Fireworks are going off in Germany again in yet another battle between Wolfgang Schaeuble, Germany’s finance minister, and the ECB.

Schaueble dismissed a suggestion this week by ECB head Mario Draghi that Germany should use fiscal room for manoeuvre to decrease its export surplus.


Reuters reports Germany’s Schaeuble blames ECB for German Export Surplus.

Germany has no plans to reduce its export surplus, Finance Minister Wolfgang Schaeuble said on Friday, as the European Central Bank (ECB) has not changed its monetary policy which has led to a weaker euro which in turn boosts German exports.

“Even before the European Central Bank decided its policies of unusual monetary policy, which also led to the euro exchange rate falling significantly, I said that we will increase German export surplus,” Schaueble told reporters.

“If the surplus in the euro zone as a whole rises by a total of 3.6 percent, one should not be surprised that the German export surplus has also risen, if not by 3.6 percent but by 2 percent,” he said before meeting other European finance ministers.

When asked whether he had any plans to decrease Germany’s export surplus, Schaeuble said: “I haven’t heard that the ECB is changing its monetary policy.”

The Munich-based Ifo economic institute has said Germany’s current account surplus would probably hit a new record of 278 billion euros ($313.28 billion) this year, overtaking that of China again to become the world’s largest.

Resounding No

I take that as a resounding “no” to Draghi’s proposal that Germany should reduce its export surplus.


No discussion of eurozone problems would be complete without a discussion of Target2, an abomination created by the eurozone founders and one of the fundamental flaws of the euro.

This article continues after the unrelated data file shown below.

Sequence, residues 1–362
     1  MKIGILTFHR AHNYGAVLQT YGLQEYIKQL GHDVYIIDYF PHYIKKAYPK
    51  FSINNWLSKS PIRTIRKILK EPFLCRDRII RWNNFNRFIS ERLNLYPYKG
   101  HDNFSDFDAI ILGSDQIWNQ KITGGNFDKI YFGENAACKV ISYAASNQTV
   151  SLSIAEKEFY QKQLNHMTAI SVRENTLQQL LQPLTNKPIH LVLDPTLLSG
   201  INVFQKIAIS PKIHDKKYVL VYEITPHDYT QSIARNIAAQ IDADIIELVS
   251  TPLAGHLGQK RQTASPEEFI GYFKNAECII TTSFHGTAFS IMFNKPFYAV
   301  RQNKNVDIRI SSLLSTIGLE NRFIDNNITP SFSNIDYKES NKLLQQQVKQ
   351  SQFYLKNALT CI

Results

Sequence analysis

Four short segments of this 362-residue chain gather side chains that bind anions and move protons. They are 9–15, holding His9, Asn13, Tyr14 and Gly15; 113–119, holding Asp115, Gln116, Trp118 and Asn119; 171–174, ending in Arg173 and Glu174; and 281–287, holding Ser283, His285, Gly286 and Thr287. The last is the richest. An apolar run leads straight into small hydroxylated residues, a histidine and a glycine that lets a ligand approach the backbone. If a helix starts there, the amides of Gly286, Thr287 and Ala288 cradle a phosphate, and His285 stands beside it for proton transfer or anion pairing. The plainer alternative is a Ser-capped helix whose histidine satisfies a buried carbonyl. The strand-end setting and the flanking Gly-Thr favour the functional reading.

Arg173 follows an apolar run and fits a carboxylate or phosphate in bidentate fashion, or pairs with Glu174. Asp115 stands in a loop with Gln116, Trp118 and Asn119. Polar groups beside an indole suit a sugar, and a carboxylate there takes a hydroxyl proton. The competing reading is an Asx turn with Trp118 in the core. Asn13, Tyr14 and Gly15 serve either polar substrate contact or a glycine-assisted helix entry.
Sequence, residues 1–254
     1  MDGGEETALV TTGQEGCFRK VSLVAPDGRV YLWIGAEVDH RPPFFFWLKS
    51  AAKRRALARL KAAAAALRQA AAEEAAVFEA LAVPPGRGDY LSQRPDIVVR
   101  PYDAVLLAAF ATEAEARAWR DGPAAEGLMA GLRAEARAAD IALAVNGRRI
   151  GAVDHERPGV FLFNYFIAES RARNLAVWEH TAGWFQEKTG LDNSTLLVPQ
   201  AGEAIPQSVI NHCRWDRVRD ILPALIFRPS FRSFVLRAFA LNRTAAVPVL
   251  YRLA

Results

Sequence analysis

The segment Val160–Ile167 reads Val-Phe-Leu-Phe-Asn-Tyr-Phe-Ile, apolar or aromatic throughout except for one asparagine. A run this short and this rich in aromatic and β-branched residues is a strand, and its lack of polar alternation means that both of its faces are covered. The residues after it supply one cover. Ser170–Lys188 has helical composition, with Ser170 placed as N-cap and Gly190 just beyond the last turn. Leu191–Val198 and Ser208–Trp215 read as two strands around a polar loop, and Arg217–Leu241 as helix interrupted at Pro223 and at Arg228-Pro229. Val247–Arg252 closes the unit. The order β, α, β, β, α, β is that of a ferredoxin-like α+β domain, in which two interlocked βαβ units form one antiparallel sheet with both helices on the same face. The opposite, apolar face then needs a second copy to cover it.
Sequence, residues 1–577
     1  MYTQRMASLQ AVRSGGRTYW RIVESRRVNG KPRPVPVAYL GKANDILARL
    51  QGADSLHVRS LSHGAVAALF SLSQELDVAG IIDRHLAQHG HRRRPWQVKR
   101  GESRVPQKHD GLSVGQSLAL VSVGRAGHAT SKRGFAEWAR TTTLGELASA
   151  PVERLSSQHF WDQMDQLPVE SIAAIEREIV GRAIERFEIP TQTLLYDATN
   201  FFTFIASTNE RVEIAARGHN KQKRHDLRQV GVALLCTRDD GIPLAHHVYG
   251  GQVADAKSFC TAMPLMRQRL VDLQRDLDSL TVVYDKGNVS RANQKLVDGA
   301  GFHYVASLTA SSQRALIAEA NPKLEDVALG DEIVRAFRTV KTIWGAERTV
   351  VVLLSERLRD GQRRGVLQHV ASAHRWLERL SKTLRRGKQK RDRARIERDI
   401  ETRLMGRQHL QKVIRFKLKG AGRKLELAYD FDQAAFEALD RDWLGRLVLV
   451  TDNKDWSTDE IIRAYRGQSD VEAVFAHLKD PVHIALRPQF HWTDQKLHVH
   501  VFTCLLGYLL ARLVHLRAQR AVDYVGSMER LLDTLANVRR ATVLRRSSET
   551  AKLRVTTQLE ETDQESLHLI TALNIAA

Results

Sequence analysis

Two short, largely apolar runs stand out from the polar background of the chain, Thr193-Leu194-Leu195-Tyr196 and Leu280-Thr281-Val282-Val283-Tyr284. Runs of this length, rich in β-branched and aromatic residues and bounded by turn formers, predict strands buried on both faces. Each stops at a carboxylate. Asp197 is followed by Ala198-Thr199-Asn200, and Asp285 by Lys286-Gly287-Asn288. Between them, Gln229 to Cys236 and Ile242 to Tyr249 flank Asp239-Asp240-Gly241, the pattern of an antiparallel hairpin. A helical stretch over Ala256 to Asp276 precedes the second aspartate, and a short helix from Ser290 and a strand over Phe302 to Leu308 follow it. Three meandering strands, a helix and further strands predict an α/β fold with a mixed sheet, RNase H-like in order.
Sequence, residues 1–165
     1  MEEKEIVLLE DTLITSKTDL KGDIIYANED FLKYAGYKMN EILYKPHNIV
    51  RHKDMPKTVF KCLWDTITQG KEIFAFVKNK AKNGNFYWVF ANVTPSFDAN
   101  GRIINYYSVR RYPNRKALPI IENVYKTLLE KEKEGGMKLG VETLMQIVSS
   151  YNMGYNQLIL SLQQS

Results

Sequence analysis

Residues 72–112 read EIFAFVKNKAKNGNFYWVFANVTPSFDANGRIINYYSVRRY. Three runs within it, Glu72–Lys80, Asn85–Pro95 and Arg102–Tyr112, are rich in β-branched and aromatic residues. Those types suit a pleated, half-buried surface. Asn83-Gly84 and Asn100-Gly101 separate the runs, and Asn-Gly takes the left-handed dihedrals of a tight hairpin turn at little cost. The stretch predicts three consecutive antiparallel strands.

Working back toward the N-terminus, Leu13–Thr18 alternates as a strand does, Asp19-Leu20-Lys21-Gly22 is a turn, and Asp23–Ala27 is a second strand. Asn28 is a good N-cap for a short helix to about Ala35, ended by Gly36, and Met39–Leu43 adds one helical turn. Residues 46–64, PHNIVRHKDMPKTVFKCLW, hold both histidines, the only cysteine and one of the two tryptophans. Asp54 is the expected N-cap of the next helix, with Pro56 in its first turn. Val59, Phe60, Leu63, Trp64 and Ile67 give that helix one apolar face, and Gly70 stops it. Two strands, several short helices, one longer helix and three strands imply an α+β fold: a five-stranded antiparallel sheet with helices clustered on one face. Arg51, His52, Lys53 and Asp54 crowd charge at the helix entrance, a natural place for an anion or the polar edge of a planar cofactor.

Target2 stands for Trans-European Automated Real-time Gross Settlement System. It is a reflection of capital flight from the “Club-Med” countries in Southern Europe (Greece, Spain, and Italy) to banks in Northern Europe.

Pater Tenebrarum at the Acting Man blog provides this easy to understand example: “Spain imports German goods, but no Spanish goods or capital have been acquired by any private party in Germany in return. The only thing that has been ‘acquired’ is an IOU issued by the Spanish commercial bank to the Bank of Spain in return for funding the payment.

Monetary policy can help external balances but it cannot fix internal target2 balances.

I will update the large and growing capital flight numbers soon.

Why the Eurozone Will Destruct

Germany will pay one way or another for the massive imbalances between the creditor and debtor Eurozone countries.

Eventually Spain, Greece, or Italy will realize it is impossible for them to pay back what is owed.

Once that realization sets in, some country will default on their euro-denominated liabilities. Beppe Grillo’s Five Star Movement in Italy is on board with that idea already.

There are only three possible paths at this point.

Three Alternative Paths

  1. Germany and the creditor nations forgive enough debt for Europe to grow
  2. Permanently high unemployment and slow growth in Spain, Greece, Italy, with stagnation elsewhere in Europe
  3. Breakup of the eurozone

Germany will not allow #1. It is unreasonable to expect #2 to last forever. The only door left open is door #3.

The best move would be for Germany to leave the eurozone. Germany is in the best shape to suffer the consequences.

Unfortunately, the most likely outcome is still a destructive breakup of the eurozone, starting in Italy or Greece.

Mike “Mish” Shedlock